GREGORY JONES v. KIMBERLY BUTLER

Reset A A Font size: Print

United States Court of Appeals, Seventh Circuit.

GREGORY D. JONES, Plaintiff-Appellant, v. KIMBERLY BUTLER, et al., Defendants-Appellees.

No. 15-2850

Decided: September 19, 2016

Before DIANE P. WOOD, Chief Judge RICHARD A. POSNER, Circuit Judge FRANK H. EASTERBROOK, Circuit Judge

ORDER

Gregory Jones, an Illinois inmate serving a life sentence, brought this suit under 42 U.S.C. § 1983 after his strategy to obtain reassignment to a favored prison backfired. Jones instead ended up at a facility where, he says, he was at risk of physical injury, prompting this litigation.

Jones had been housed in protective custody at Pontiac Correctional Center until early 2014. But he wanted to return to his previous assignment at Stateville Correctional Center because, in his view, the medical care at that prison is better. According to Jones, he was told by administrators at Pontiac that transfers are not given to inmates in protective custody, so, in his words, he “signed himself out” of protective custody and returned to the general population. After that he was reassigned to a different prison, though not Stateville. Jones was sent instead to Menard Correctional Center, where, he alleges, he had earned the ire of guards by testifying against two of them in 2009 during unsuccessful lawsuits. Jones brought this action less than four months after returning to Menard, asking the district court, “1st and foremost,” to order that he be transferred permanently out of Menard.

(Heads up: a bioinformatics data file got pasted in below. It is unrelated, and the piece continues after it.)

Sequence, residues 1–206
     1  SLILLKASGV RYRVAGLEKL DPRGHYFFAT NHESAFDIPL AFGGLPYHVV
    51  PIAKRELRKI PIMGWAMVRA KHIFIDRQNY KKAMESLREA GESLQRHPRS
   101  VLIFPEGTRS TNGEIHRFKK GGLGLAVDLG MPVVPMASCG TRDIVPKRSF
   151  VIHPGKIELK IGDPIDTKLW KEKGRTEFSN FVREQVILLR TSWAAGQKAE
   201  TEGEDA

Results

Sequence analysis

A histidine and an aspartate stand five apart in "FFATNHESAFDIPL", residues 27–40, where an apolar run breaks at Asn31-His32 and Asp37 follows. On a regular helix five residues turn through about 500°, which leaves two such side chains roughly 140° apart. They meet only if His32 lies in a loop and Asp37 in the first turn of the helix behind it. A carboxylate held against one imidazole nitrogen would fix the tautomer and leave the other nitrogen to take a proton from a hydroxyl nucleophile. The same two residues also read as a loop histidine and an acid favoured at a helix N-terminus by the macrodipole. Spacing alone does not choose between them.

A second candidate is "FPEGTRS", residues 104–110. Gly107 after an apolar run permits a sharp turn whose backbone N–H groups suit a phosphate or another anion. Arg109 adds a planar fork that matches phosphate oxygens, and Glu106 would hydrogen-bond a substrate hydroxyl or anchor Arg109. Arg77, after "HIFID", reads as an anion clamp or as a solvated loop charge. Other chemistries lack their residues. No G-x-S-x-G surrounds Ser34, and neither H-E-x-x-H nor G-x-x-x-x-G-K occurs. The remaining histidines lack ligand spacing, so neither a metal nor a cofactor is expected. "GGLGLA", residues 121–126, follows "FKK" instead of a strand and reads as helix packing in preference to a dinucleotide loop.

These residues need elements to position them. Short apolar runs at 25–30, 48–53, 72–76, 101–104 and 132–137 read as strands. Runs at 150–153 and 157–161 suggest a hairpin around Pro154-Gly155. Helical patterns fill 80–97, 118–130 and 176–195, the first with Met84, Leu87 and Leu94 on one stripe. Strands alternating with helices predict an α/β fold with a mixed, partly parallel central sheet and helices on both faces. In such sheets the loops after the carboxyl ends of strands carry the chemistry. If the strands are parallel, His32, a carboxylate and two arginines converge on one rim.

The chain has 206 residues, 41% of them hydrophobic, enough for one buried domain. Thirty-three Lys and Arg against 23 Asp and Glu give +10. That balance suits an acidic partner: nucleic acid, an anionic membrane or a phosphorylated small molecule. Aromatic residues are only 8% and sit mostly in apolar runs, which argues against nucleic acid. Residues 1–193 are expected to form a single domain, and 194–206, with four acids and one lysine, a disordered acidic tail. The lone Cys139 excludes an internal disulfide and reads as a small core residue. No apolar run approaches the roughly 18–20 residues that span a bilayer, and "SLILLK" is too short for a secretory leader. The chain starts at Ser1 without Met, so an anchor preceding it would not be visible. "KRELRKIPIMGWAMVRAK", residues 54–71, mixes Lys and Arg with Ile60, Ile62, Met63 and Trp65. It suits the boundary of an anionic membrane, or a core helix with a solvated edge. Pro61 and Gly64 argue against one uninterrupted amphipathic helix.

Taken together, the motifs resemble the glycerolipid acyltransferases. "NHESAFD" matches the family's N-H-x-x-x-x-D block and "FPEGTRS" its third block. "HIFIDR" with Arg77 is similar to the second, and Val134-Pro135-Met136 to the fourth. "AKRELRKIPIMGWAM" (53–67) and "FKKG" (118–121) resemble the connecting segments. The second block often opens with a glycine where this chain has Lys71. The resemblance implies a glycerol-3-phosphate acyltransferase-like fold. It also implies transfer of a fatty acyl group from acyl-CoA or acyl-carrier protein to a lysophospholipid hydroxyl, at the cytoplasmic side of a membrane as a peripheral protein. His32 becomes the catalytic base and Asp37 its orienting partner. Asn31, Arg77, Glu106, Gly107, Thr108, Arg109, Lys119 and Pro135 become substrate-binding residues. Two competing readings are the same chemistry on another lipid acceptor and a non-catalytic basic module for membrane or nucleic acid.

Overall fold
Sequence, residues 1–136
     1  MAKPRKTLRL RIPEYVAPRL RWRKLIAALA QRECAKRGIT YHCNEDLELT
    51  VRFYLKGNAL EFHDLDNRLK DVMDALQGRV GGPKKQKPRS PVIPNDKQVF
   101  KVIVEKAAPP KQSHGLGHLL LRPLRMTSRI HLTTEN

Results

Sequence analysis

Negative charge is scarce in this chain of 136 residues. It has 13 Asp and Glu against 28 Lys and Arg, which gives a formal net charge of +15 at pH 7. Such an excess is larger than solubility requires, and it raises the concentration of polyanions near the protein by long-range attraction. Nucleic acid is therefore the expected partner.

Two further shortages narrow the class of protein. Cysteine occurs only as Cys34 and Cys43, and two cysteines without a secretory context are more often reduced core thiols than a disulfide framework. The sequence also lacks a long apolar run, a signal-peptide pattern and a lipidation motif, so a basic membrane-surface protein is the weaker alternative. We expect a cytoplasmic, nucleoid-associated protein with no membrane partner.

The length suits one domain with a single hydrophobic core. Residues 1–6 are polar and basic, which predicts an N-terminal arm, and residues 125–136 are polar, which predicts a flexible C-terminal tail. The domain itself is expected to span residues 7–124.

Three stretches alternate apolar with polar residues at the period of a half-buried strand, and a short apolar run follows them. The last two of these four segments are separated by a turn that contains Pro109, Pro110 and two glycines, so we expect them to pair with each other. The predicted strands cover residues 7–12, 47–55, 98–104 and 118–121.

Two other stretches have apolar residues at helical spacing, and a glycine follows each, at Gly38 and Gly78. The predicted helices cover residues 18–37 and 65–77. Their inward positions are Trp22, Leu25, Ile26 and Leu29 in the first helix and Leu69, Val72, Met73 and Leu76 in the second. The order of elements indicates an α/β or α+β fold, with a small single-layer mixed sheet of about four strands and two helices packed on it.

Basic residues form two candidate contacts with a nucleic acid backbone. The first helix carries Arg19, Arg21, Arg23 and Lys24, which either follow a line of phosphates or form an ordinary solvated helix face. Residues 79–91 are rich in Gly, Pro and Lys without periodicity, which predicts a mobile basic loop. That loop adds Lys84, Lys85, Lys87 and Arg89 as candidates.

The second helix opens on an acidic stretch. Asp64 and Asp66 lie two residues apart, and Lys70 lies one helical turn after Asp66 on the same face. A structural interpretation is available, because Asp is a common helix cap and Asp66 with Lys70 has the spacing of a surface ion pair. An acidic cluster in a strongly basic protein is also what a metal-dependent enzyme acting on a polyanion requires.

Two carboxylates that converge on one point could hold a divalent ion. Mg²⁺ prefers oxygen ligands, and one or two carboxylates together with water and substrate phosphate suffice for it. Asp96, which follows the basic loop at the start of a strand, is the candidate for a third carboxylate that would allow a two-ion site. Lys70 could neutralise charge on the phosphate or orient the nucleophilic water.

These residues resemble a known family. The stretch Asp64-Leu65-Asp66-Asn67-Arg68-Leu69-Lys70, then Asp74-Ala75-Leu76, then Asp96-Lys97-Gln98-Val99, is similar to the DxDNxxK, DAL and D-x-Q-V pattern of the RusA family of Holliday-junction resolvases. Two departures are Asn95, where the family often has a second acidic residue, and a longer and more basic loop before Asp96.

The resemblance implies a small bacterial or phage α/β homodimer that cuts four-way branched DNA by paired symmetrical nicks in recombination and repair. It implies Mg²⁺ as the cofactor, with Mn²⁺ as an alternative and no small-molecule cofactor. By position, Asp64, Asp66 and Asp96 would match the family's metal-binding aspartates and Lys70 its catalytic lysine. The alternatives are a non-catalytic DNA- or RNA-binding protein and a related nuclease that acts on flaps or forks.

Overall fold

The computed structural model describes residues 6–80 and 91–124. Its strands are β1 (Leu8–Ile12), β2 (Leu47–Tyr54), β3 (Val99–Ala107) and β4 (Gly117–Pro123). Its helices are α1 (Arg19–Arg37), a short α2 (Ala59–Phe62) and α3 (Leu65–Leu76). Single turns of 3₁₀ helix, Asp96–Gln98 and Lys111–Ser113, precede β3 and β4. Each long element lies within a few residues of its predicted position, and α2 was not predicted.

In his original complaint, Jones claimed that Menard's warden along with an unidentified guard and four other Department of Corrections employees were violating the Eighth Amendment by not protecting him from harm. Unnamed gang members and guards were threatening his safety, Jones asserted, and once during a shakedown he was slapped and kicked and called a “snitch” by guards who are not defendants. Jones added that, despite being threatened, he initially had been denied placement in protective custody (since he had voluntarily given up that placement at Pontiac).

At screening, see 28 U.S.C. § 1915A, the district court dismissed this original complaint on the ground that Jones did not allege personal involvement by the named defendants. The court also noted that Jones was in protective custody. Jones then amended his complaint, dropping as defendants all but the warden at Menard and two DOC employees—the Transfer Coordinator and another administrator, both at headquarters. The latter defendants, Jones alleged, had been “reminded” before his transfer to Menard that guards at that facility previously had warned him not to return. And the warden at Menard, he added, was not protecting him from threatened retribution by errant guards and other inmates (even inmates in protective custody). This time at screening the district court allowed Jones to proceed against the warden but once more dismissed the complaint as against the other defendants, neither of whom was alleged to have participated in the decision to transfer Jones to Menard. Three days after this order was issued, however, Jones was transferred back to Pontiac (the warden told the court that the timing was coincidental). The district court then granted the warden's motion for judgment on the pleadings, reasoning that Jones's lawsuit had been rendered moot by his transfer.